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Re: [Openvpn-users] SSHv2 vs OpenVPN security


  • Subject: Re: [Openvpn-users] SSHv2 vs OpenVPN security
  • From: chosner@xxxxxxxxx
  • Date: Tue, 28 Dec 2004 19:32:50 -0500

Mathias,

I hear ya talkin'.  That is exactly the problem we have with most of the "SSL
VPN" market.  This is a perfect example.  People attach a certain level (the
highest) of security to the term "VPN", so all companies need to do to get
automatic credibility is say their product is a VPN, even if it doesn't do
network extension or client/server authentication, or any of the other
important things VPN's do.  This  exposes many companies to insecure products
and puts them up against "Hosner's Lament" -- The one thing worse than bad
security is bad security that creates the illusion of good security --   This
company you're dealing with is interested in an abstraction that represents
security, not security itself.  Oh well, job security I guess.

Charlie



Quoting Mathias Sundman <mathias@xxxxxxxxxx>:

> On Tue, 28 Dec 2004, Charlie Hosner wrote:
>
> >> Given that both SSH and OpenVPN is configured to only accept RSA keys for
> >> authentication and strong encryption algoritms, is there anything in the
> >> SSHv2 protocol making it less or more secure than the OpenVPN protocol?
> >
> > I think you are asking about this from a crypto standpoint not
> > necessarily an application standpoint.  From a crypto standpoint, I would
> > have to say they are equivalent if you use an equivalent algorithm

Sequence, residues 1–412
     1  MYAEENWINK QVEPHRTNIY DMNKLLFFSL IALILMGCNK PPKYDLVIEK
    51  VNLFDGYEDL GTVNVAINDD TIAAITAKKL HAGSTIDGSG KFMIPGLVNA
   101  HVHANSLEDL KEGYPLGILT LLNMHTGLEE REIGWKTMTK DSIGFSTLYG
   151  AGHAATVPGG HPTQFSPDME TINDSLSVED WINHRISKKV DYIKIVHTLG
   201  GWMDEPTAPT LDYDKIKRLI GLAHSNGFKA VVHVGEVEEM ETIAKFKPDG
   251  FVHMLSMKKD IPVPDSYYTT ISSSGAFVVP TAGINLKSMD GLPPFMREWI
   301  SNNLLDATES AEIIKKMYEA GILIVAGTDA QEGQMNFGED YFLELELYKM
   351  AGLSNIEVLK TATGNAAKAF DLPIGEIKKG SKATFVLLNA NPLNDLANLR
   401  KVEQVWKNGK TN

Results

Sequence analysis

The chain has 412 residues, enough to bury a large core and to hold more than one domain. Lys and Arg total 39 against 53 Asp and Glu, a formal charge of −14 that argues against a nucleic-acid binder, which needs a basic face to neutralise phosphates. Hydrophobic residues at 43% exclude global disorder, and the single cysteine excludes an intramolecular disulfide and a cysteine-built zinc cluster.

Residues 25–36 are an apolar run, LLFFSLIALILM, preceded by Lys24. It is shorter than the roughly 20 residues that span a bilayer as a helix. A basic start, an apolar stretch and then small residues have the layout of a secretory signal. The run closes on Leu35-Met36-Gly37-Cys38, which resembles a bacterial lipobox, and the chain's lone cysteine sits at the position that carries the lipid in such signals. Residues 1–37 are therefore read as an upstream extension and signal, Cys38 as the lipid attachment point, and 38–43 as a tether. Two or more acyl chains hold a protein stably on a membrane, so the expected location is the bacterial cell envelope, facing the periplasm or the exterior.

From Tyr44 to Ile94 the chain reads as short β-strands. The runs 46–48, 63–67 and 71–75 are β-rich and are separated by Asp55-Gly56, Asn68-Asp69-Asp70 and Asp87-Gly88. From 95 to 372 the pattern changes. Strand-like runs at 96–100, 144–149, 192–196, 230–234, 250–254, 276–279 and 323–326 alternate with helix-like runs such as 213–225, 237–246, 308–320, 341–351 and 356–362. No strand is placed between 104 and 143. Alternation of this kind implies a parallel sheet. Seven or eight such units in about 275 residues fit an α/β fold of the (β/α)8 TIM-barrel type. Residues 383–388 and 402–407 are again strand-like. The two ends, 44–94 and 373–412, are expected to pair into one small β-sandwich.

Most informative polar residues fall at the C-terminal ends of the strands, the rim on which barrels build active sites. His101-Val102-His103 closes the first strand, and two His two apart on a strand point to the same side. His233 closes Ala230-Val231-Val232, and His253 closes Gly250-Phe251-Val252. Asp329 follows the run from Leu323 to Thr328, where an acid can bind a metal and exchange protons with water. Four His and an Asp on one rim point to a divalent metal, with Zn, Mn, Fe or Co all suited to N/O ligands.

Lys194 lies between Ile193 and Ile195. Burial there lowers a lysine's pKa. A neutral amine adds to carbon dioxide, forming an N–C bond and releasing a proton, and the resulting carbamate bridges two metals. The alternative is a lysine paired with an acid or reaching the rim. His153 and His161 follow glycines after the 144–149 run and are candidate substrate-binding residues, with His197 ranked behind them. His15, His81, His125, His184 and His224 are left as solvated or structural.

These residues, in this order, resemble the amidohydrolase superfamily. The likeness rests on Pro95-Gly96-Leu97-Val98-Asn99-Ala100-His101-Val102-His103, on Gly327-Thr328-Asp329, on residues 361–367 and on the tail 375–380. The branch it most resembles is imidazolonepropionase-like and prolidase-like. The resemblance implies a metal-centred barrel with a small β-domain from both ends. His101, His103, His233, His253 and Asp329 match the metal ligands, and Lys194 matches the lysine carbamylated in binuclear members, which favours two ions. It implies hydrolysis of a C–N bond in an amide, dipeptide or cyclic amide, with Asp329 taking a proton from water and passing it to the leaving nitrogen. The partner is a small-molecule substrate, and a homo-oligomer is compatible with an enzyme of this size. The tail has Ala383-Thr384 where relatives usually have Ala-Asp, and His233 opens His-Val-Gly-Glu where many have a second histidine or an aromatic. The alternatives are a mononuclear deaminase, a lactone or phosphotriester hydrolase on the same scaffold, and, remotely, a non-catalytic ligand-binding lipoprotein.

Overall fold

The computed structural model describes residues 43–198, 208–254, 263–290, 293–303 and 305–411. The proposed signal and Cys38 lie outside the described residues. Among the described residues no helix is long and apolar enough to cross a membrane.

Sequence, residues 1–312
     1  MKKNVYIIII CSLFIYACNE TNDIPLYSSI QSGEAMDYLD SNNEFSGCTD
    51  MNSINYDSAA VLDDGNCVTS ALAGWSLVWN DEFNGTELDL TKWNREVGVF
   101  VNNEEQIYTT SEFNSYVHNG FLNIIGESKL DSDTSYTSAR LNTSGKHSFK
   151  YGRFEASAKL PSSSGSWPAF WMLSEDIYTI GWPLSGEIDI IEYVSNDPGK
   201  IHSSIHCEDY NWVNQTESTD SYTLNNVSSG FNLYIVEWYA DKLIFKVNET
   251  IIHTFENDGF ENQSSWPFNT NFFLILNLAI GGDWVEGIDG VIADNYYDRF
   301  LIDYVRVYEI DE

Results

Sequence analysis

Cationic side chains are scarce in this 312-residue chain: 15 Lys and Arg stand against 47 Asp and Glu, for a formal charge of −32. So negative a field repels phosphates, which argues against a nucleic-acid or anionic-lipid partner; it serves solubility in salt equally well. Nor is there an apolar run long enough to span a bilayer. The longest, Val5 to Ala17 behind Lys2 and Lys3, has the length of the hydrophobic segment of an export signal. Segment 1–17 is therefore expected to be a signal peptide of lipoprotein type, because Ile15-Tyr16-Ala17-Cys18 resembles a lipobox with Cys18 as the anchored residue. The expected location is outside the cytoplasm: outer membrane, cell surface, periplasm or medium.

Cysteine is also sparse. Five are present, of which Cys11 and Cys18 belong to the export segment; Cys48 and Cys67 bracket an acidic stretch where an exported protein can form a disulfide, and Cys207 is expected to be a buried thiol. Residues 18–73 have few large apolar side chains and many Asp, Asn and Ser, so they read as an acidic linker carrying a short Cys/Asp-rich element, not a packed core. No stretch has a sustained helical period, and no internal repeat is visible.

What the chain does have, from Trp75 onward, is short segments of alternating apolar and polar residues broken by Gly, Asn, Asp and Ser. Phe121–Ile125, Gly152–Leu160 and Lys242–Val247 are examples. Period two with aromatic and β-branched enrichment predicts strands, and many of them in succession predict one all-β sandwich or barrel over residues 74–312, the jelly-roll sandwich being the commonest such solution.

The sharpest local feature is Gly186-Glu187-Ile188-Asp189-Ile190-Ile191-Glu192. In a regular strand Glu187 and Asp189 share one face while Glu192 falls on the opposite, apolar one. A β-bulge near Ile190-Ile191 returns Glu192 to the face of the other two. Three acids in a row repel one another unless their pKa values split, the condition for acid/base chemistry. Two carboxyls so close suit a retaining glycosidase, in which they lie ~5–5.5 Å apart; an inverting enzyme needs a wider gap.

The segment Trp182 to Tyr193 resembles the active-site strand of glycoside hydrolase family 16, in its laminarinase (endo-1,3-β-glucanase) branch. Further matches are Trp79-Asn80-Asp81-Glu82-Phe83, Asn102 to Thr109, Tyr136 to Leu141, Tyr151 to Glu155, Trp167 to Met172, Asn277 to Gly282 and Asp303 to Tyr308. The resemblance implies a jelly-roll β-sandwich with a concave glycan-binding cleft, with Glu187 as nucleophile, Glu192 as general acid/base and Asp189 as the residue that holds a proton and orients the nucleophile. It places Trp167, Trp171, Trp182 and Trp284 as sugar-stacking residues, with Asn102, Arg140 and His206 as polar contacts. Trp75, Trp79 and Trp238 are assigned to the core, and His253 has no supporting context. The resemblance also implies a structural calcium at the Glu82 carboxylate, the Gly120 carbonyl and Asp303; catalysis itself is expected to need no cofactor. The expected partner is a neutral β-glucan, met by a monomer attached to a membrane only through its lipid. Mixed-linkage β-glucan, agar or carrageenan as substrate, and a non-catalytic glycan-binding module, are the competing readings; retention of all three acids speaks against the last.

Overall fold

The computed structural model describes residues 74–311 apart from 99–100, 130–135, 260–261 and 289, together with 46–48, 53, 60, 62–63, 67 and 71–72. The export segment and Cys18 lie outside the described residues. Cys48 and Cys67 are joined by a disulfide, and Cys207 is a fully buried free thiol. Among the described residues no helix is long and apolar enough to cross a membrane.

> > combination.  SSHv2 uses DHE-SHA1(HMAC) for key
> > agreement, RSA for authentication, and whatever symmetric algorithm you
> > want.  It also swaps out session keys every hour for perfect forward
> > secrecy, just like OpenVPN (adjustable with ReKeyIntervalSeconds).  The
> > handshakes are remarkably (right is right I guess) similar.
> >
> > When you look at things from an application layer, it might not be quite
> > so simple.  You would need to run sshd as user/group nobody and chroot it
> > somewhere.  There is also the added security of TLS-auth that SSH
> > definitely doesn't have an equivalent to.
> >
> > I know Mathias is quite familiar with the functionality differences
> > between SSH and OpenVPN, and he is probably asking this because he has
> > some clever scheme in mind, but to keep from confusing future readers,
> > SSHv2 is not going to provide you with the simple network
> > extension people usually seek in a VPN.  You would have to direct traffic
> > over the SSH tunnel via port forwarding or some other magic and it would
> > take a good amount of work to get the kind of set up OpenVPN gives you
> > "out of the box".  SSHv2 is good for doing things one port at a time,
> > especially if your one port is 22 ;)
>
> Yes, you're right, I was only asking about this from a crypto standpoint.
> Me too prefer OpenVPN in most cases, but there are still some cases where
> SSH is preferable.
>
> The reason I asked was because I have a customer who is setting up a
> disaster recovery solution for a Solaris server, and simply needed shell
> access and a way to transfer files to the off-site backup machine. One
> user and one server -- can't be much easier, so I suggested to use SSH.
>
> However for some reason they did not accept SSH for securing this, but
> OpenVPN was okay. I clamed that SSH had the same level of security as both
> OpenVPN and IPSec (given it is correctly configured of cource), so I just
> wanted to make sure I was right about that...
>
> I'm fine with setting up OpenVPN to, so it's no problem, the customer gets
> what they what, I just find it a little overkill to use OpenVPN in this
> scenario, which is exactly what SSH was designed todo, but policies are
> policies! If I would have called it ssh-VPN instead of just ssh it would
> probably have been aproved ;-) VPN are good, other protocols can't be
> trusted!
>
> Cheers and Happy New Year from me to!
>
> --
> _____________________________________________________________
> Mathias Sundman                  (^)   ASCII Ribbon Campaign
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